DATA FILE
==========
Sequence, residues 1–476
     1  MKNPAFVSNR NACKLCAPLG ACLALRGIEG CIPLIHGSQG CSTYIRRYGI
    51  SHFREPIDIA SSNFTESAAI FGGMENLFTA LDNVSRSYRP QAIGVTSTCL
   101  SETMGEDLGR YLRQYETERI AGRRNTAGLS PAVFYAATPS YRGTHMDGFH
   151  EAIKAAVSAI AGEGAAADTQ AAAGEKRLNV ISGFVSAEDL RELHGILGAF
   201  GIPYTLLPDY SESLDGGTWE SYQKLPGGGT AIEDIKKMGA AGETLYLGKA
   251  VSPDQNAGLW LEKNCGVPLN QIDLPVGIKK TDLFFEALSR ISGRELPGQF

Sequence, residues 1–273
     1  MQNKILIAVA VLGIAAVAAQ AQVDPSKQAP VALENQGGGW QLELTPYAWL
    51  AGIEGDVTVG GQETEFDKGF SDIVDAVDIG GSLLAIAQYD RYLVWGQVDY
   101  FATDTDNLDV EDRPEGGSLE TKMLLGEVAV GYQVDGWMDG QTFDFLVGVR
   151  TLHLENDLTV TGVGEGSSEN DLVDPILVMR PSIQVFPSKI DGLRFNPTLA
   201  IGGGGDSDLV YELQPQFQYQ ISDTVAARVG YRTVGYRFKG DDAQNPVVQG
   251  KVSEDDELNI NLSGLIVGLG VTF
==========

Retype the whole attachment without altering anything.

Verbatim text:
Sequence, residues 1–476
     1  MKNPAFVSNR NACKLCAPLG ACLALRGIEG CIPLIHGSQG CSTYIRRYGI
    51  SHFREPIDIA SSNFTESAAI FGGMENLFTA LDNVSRSYRP QAIGVTSTCL
   101  SETMGEDLGR YLRQYETERI AGRRNTAGLS PAVFYAATPS YRGTHMDGFH
   151  EAIKAAVSAI AGEGAAADTQ AAAGEKRLNV ISGFVSAEDL RELHGILGAF
   201  GIPYTLLPDY SESLDGGTWE SYQKLPGGGT AIEDIKKMGA AGETLYLGKA
   251  VSPDQNAGLW LEKNCGVPLN QIDLPVGIKK TDLFFEALSR ISGRELPGQF

Sequence, residues 1–273
     1  MQNKILIAVA VLGIAAVAAQ AQVDPSKQAP VALENQGGGW QLELTPYAWL
    51  AGIEGDVTVG GQETEFDKGF SDIVDAVDIG GSLLAIAQYD RYLVWGQVDY
   101  FATDTDNLDV EDRPEGGSLE TKMLLGEVAV GYQVDGWMDG QTFDFLVGVR
   151  TLHLENDLTV TGVGEGSSEN DLVDPILVMR PSIQVFPSKI DGLRFNPTLA
   201  IGGGGDSDLV YELQPQFQYQ ISDTVAARVG YRTVGYRFKG DDAQNPVVQG
   251  KVSEDDELNI NLSGLIVGLG VTF